Telecare Soapbox: Predicting the telequake

[grow_thumb image=”” thumb_width=”175″ /]Predicting earthquakes is notoriously unreliable but TTA’s ex-Editor in Chief Steve Hards says that one is on its way for the telecare and telehealth industry.

Earthquakes are hard to predict because, depending on the local geology and where you are in relation to the future epicentre, they vary in speed, intensity and effect. However, there are four generally recognised stages:

  1. a long period of between quakes when straining deep beneath the surface that goes unnoticed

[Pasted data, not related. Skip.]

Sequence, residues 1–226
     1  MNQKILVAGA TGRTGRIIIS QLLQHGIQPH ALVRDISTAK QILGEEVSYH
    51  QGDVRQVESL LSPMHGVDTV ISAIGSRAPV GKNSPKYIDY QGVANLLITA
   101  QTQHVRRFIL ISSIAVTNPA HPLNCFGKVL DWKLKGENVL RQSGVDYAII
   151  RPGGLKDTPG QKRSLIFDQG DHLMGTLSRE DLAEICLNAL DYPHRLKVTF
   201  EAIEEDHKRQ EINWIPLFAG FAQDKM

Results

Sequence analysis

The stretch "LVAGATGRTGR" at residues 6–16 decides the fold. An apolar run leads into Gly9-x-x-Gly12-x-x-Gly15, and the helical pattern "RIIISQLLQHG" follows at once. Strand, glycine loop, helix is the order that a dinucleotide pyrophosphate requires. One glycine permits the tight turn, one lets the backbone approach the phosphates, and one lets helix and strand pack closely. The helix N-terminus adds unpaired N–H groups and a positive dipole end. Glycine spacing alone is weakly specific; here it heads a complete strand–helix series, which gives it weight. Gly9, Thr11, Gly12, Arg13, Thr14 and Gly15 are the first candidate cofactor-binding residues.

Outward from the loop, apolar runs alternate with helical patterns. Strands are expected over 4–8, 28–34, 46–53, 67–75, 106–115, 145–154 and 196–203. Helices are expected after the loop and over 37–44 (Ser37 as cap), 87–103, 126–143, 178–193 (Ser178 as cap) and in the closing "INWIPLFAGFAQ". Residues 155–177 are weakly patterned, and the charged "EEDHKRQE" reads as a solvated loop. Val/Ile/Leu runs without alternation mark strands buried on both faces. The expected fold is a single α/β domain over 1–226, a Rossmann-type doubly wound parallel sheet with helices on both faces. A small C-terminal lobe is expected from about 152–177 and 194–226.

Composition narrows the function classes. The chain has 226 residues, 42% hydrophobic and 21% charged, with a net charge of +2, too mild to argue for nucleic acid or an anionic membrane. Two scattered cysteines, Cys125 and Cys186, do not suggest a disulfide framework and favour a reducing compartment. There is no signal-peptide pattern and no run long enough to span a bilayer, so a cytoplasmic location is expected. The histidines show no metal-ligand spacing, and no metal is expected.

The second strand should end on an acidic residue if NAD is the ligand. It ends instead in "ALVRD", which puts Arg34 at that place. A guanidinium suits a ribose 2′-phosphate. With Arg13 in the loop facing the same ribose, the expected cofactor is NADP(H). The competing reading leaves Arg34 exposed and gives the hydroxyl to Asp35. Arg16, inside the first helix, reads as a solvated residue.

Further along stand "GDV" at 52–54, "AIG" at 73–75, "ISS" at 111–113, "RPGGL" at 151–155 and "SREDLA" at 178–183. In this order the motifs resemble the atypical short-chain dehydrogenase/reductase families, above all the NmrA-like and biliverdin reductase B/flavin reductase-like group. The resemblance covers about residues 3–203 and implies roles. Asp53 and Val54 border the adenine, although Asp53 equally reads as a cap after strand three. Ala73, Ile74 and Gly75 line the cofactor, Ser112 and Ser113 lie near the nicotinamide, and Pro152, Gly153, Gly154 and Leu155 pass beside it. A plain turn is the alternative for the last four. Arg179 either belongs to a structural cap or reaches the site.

2. a build up of intense pressure along the fault which may be noticed as slippage
  3. the release of the pressure which causes the well-known effects of tremors, liquefaction and damage as the two sides of the fault realign
  4. the new resting position of the land each side of the fault

O2 and Bosch realising that systems which do not use smartphone-based technology are now dead in the water and therefore exiting from the UK telecare market was not the quake; they are just signs of stage two slippage. We will see more strains and cracks appear (more…)